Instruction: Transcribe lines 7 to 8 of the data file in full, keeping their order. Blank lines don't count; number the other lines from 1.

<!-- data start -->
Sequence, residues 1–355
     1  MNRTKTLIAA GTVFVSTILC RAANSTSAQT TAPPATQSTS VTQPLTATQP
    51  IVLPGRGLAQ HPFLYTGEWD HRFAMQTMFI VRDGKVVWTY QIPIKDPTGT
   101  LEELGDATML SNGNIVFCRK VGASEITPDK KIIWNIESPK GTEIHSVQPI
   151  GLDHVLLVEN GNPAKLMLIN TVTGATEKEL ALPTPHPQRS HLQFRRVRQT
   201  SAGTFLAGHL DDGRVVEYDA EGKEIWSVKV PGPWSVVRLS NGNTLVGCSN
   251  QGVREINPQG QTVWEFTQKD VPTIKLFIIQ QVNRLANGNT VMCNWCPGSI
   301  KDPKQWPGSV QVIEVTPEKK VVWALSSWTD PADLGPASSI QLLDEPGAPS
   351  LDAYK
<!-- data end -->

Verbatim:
   251  QGVREINPQG QTVWEFTQKD VPTIKLFIIQ QVNRLANGNT VMCNWCPGSI
   301  KDPKQWPGSV QVIEVTPEKK VVWALSSWTD PADLGPASSI QLLDEPGAPS